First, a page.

Two Years Greiving an Overdose Death

“THEY” say… that the second year is the hardest.

So I braced myself.

Stealing the words of my husband, he says, the second year is more reflective.

Does that make it the hardest?

Sometimes I look in the mirror and see my reflection and I am pleased with what I see; and other times, well – you know… I do not like what I see.

So perhaps it is so.

The second year may be deemed the hardest because it is reflective; reflective of both the good and the bad.

We, who grieve an overdose death, know that there are both kinds of memories. The before-drugs-and-addiction-memories and the after-drugs-and-addiction-memories. Built up hopes and dashed hopes follow too. PTSD is residually strong, even with a firm foundation in Jesus Christ.

Two years in, things are changed and being remade. Holes in the walls are patched up, his room is repurposed, his clothes and car have a new owners, and his garden space is reclaimed by nature. One small shelf in the kitchen holds a tiny basket of Caleb’s trinkets, his photo, his Bible, and exudes his constant presence.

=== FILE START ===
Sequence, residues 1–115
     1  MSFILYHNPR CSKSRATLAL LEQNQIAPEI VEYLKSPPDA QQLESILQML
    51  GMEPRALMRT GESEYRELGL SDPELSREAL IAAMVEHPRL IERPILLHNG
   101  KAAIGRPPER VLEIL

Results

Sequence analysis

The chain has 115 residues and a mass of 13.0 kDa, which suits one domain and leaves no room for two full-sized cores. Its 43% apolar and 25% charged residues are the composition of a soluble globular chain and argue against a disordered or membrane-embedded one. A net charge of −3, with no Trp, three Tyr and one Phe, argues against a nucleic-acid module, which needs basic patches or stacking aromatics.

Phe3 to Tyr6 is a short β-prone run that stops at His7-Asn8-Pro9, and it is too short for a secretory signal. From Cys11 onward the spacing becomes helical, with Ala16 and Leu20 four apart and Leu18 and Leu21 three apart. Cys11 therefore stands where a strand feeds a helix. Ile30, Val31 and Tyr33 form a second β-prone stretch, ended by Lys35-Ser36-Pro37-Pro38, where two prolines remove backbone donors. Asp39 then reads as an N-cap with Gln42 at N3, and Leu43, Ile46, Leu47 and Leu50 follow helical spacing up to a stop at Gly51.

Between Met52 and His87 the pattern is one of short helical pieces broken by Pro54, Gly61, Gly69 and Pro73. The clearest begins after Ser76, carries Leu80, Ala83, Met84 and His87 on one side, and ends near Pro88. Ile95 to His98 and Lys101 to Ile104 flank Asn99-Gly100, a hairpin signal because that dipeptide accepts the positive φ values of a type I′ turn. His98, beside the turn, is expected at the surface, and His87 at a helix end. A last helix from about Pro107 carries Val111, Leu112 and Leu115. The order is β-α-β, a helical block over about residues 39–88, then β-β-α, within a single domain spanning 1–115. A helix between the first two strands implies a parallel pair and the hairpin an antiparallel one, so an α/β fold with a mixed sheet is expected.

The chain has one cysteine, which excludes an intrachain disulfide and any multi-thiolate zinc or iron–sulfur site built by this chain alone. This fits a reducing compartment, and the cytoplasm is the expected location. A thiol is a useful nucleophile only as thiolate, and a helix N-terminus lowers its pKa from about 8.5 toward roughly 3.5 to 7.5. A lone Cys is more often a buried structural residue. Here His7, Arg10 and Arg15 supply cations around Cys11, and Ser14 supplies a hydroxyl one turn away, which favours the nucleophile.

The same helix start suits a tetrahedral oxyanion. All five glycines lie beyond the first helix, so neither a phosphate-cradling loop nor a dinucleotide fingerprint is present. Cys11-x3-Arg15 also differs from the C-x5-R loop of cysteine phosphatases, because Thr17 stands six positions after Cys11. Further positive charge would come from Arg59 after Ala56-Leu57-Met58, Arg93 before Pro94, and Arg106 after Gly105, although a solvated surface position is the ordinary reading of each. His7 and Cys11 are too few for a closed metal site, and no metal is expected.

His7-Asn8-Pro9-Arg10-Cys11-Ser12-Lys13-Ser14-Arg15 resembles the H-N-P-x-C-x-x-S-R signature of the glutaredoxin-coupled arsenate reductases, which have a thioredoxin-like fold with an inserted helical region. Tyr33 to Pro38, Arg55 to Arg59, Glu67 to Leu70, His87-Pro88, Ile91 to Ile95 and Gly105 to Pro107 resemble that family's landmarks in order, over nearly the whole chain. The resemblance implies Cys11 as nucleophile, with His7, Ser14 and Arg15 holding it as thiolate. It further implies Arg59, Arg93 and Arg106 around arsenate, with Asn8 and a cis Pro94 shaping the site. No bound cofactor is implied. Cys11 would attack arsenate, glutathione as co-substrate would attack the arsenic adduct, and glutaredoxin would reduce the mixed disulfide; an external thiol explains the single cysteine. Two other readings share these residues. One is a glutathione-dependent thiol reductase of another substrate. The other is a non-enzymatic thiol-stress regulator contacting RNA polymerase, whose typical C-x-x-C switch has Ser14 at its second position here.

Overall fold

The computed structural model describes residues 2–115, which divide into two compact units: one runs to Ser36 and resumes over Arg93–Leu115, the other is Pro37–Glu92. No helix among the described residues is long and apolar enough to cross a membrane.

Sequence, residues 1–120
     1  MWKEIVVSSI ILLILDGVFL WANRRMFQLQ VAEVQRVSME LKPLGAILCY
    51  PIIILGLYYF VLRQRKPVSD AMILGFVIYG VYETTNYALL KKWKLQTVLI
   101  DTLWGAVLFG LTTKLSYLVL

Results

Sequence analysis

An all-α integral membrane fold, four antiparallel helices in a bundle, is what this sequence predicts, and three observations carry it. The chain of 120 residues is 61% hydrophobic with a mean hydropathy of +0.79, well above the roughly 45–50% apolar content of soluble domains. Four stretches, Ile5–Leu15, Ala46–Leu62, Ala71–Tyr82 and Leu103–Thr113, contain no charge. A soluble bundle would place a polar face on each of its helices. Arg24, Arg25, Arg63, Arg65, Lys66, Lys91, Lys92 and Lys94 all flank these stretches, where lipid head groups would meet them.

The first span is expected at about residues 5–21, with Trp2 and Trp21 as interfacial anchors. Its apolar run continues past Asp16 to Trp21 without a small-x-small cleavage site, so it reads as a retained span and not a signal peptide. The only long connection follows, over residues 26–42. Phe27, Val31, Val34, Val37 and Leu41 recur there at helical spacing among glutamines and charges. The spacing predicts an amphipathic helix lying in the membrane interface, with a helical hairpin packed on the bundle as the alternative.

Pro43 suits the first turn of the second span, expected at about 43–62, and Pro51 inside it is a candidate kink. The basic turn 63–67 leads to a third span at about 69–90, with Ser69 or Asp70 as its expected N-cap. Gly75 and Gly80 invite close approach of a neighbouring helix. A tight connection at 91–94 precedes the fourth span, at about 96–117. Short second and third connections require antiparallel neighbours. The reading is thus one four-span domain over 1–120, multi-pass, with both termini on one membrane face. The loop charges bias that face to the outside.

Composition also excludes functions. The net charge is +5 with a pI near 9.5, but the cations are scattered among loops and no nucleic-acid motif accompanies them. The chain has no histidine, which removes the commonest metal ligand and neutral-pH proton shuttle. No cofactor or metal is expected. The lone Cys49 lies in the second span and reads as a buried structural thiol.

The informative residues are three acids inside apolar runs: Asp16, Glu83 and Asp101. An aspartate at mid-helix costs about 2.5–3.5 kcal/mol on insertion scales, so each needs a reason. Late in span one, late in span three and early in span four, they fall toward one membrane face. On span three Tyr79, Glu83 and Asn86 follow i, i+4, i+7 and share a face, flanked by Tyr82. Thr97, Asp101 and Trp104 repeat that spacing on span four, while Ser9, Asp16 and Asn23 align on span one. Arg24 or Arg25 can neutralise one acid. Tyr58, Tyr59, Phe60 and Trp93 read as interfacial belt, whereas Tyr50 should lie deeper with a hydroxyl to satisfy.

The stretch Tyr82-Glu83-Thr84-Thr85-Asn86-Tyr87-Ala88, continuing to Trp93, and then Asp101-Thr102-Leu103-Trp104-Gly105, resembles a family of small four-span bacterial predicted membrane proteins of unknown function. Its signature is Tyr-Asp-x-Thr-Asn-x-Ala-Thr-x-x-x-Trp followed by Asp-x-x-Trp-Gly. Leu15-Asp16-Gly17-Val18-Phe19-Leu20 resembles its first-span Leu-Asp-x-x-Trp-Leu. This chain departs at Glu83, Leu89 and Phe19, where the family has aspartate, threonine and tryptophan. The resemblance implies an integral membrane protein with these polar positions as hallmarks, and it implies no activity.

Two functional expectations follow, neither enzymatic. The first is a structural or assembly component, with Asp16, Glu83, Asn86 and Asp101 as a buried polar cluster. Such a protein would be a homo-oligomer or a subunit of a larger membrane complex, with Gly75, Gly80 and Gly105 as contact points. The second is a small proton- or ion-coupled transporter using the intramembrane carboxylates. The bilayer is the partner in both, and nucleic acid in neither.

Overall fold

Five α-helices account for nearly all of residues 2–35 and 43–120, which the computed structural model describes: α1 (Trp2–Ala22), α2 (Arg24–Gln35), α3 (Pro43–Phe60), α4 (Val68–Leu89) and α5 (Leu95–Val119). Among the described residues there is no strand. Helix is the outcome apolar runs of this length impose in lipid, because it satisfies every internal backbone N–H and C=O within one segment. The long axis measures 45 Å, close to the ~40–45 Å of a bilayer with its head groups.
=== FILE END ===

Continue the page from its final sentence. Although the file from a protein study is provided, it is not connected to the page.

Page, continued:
Occasionally I flip through his childhood album. I can hear the chuckles and the family babble as I turn each page that reflect the early years of my son’s life. I can feel the energy and surge of pride, passion, and compassion as I turn each page during his athletic accomplishments. I see his heart as I pause at his baptismal page and strain to recall the words he spoke as he commited his life to Jesus. Graduation pictures fill the last pages. Yes, all good memories and tears flow as I wish for a 3-D hug with my son. The before-drugs-and-addiction-memories are so sweet.